'Dusty' blowers The concept for the gas-powered backpack blower-which came before the hand-held blower-started in the 1950s with an agricultural dusting tool. In 1950, Echo Inc., (today in Lake Zurich, Ill.), introduced the first engine-powered backpack duster/sprayer. It was used to disperse pesticides in nurseries and on specialty crop farms. In 1955, Echo created a "cousin," the backpack duster/mist blower DM-9. Then in 1971, Echo unveiled a dedicated gas-powered backpack blower, the PB-9.

The PB-9 was mentioned in an article in Popular Science magazine soon after its introduction, and thousands of people wrote and called the company, says Robin Pendergrast, Echo spokesperson. "They wanted this product because they saw the efficiencies of it-particularly commercial landscapers, who had not seen anything like it before."

In the 1960s, Vandermolen Corp., a manufacturer in the Netherlands, was making and exporting a 2-cycle engine backpack blower, as well.

In 1978, Echo came out with its PB-200, a gas-powered hand-held power blower. Later, the company issued the PB-210E. Both consumers and commercial landscapers now had access to a blower, and other manufacturers began to enter the market.

Weed Eater began producing a hand-held gas-powered blower in 1985. Stihl began making backpack blowers in 1989. Today, Pendergrast estimates that 10 companies manufacture blowers. According to PPEMA, 1,647,850 hand-held blowers and 290,230 backpack blowers were shipped to distributors in 1999.

String trimmers & brushcutters In 1971, George Ballas sought a better way to trim around the trees in his yard. After visiting an automatic car wash and noticing how the bristles stood out straight as they swirled, Ballas had a brainstorm.

He went home, found a tin popcorn can in the trash, punched holes in it and inserted knotted fishing line to simulate the car wash bristles. He then attached the string-and-can to his rotary electric edger and tried it. It worked.

Ballas dubbed his invention the "Weed Eater." Ballas refined his idea and formed his own company, Weed Eater Inc., of Houston, Texas. Today, it is known as Poulan/Weed Eater, a division of Frigidaire Home Products, in Nashville, Ark..

The original Weed Eater was powered by electric motors and had optional attachments, including a brushcutter blade.

In 1977, Echo launched the first flexible-shaft trimmer capable of using blades. The company improved this idea in 1986, when it created the industry's first 1,000-hour flexible cable. This switch allowed trimmers to "work in high-shock load applications such as blade use," says Pendergrast.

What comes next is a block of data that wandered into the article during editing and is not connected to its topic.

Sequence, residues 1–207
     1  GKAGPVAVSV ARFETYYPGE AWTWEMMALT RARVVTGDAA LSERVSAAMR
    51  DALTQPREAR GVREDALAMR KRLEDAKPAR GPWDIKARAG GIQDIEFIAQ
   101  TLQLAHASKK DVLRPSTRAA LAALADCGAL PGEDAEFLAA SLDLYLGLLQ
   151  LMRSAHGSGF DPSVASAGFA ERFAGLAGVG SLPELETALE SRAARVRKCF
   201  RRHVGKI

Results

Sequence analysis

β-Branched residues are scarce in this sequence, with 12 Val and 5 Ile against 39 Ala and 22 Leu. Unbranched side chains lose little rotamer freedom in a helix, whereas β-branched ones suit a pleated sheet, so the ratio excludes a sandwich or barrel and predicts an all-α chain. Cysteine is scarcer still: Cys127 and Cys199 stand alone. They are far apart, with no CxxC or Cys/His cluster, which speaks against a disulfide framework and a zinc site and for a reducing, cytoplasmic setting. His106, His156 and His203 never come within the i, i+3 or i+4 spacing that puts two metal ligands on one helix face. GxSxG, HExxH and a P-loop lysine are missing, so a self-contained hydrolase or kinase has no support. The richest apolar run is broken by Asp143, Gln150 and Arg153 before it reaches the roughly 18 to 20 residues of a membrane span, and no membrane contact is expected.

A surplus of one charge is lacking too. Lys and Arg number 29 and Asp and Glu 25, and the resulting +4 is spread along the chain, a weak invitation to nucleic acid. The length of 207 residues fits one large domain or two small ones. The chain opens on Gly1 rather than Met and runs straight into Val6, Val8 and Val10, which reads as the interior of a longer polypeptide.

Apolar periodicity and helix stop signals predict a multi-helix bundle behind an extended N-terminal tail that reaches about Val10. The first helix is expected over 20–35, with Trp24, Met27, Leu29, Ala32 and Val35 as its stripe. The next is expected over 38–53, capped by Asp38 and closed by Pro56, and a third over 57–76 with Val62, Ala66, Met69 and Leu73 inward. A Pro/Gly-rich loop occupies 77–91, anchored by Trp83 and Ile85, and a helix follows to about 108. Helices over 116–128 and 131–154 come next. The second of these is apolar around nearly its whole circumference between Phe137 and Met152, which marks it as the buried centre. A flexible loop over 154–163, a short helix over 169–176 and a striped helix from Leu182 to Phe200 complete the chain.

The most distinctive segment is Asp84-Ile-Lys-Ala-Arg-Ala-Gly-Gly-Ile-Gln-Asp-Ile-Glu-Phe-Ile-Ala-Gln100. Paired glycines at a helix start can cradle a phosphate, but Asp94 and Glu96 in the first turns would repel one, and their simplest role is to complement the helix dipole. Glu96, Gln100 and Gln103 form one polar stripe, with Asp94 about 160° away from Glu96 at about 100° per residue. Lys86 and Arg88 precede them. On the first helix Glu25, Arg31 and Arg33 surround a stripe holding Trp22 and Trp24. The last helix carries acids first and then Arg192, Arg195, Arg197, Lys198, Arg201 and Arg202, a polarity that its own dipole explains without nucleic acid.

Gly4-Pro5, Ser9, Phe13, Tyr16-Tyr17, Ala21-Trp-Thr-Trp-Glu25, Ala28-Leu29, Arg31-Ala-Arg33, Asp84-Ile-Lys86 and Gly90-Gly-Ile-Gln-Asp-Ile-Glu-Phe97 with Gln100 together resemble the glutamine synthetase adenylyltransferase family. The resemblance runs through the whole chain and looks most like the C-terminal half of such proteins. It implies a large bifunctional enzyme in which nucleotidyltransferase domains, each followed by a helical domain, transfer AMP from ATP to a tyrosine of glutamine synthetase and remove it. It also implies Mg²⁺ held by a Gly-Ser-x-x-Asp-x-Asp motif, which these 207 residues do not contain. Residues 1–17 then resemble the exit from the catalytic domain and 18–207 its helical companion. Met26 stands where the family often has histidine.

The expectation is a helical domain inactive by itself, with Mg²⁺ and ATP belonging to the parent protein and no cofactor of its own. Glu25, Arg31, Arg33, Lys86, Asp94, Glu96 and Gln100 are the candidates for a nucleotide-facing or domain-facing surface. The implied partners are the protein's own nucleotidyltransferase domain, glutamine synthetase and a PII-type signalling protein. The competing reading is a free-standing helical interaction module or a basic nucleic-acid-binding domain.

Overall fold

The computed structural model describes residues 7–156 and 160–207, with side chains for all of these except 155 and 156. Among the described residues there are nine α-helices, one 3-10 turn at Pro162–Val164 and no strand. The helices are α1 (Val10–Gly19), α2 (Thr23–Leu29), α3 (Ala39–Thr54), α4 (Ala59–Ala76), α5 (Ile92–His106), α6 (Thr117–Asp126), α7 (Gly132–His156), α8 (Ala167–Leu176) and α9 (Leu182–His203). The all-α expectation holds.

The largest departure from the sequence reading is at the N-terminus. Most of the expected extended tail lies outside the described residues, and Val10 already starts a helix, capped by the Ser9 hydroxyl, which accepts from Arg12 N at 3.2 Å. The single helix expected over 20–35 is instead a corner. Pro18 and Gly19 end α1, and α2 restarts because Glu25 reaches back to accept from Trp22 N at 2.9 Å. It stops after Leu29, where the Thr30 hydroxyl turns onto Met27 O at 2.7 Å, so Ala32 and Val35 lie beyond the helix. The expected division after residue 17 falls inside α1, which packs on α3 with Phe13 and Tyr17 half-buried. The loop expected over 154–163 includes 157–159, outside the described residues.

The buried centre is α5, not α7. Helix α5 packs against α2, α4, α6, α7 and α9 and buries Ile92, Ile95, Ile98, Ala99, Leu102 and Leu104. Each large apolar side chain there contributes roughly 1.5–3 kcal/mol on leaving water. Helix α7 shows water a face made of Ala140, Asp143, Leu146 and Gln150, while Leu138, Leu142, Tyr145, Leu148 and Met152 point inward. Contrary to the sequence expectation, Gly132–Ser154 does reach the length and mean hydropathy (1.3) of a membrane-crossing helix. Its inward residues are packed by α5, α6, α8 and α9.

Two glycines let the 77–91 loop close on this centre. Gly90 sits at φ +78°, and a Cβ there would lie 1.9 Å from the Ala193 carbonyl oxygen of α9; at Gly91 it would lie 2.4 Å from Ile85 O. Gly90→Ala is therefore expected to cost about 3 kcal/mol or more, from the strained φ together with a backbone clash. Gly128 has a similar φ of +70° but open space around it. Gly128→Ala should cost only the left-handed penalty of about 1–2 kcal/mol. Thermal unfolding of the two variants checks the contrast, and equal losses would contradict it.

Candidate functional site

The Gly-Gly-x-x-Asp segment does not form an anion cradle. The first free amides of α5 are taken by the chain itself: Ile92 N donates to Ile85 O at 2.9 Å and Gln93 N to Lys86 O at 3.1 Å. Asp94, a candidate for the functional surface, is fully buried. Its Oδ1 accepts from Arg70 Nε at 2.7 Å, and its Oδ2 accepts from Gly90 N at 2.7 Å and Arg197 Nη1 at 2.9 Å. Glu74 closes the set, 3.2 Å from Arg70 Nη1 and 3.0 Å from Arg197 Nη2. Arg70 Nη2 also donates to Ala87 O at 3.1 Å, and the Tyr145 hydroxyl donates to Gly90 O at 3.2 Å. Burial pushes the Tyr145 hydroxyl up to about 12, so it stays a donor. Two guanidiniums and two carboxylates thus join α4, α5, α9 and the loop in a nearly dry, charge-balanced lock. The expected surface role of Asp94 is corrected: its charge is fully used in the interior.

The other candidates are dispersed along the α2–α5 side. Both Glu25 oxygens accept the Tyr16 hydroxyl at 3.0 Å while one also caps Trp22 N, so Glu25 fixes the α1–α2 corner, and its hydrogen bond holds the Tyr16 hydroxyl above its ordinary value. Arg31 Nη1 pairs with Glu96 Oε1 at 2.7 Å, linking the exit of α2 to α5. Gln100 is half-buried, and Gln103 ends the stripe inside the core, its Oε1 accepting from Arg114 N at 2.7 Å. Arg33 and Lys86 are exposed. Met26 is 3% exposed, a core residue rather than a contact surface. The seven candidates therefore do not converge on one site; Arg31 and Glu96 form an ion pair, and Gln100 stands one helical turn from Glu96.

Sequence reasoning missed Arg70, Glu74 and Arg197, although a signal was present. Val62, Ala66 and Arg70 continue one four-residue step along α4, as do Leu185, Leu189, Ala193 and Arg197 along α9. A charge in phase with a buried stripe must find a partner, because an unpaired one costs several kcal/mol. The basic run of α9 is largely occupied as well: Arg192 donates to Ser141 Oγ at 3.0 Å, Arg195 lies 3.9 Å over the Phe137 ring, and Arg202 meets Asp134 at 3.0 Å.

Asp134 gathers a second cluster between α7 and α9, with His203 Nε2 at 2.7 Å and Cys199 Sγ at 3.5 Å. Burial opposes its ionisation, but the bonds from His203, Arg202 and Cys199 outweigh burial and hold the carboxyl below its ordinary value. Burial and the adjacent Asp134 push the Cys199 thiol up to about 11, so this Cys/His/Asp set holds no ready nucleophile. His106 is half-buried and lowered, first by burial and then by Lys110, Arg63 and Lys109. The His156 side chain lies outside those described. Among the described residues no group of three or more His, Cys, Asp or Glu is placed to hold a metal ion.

In 1982, Tanaka Power Equipment in Auburn, Wash., introduced the concept of color-coded nylon line. Prior to this notion, all trimmer line was whitish and ide ntified only by line diameter measurements, such as 0.095 inches, says Jim Elmer, Tanaka's vice president of marketing.

Tanaka began making its line different colors to correspond to the different diameters. For example, blue was 0.065 inches, green was 0.080, and orange was 0.095-inches. "Those colors and size correlations are still used today and are very common in the industry," says Elmer.

Tanaka also introduced "The Brain" commercial-grade automatic line feed adjustable head. This system automatically feeds line according to cutting speed and line length. As the line becomes shorter, the rotation of the head gains speed, which activates the internal feeding system, thus releasing more line.

Swept away At a trade show in 1994, Shindaiwa, Inc. of Tualatin, Ore, introduced a gas-powered power broom. The 2-cycle engine and straight shaft were similar to those on other landscaping products. Shindaiwa created the PowerBroom by marrying the engine and shaft with rubber-like fins on a rotating drum. In 1997, the company put nylon bristles on the rotating drum to create a power bristle brush.

Power in the air In the 1990s, most of the innovations in hand-held outdoor equipment occurred in response to more stringent air pollution regulations. The U.S. Environmental Protection Agency (EPA) and the California Air Resources Board (CARB) have tightened emissions standards for hand-held power tools. The CARB Tier II standards required an emissions reduction of about 70 percent and took effect on all 2000 models. So how are emissions standards affecting equipment as we know it today?

Most hand-held equipment has been driven by 2-cycle engines, but some manufacturers have switched to cleaner-burning 4-cycle engines. In 2000, Ryobi North America of Chandler, Ariz., presented a professional-grade string trimmer powered by a 4-cycle engine. The trimmer, model 1079r, weighs 12.9 pounds and features a split-boom aluminum 55-inch shaft. The engine can be operated in all positions, even upside down.

Other hand-held equipment manufacturers have dealt with the emissions conundrum by improving their 2-cycle engines. Tanaka's PureFire Low Emission Two-Stroke Engine, unveiled in 1998, was a 2-cycle engine that met CARB's Tier II emissions regulations. According to Tanaka's Elmer, this engine reduced emissions by up to 70 percent and increased fuel efficiency by up to 30 percent.

Today, the 2-cycle engine is still king of the hand-held equipment realm, but its future reign is a bit "in the air."

Michelle Byrne Walsh is a freelance writer based in Lake in the Hills, Ill.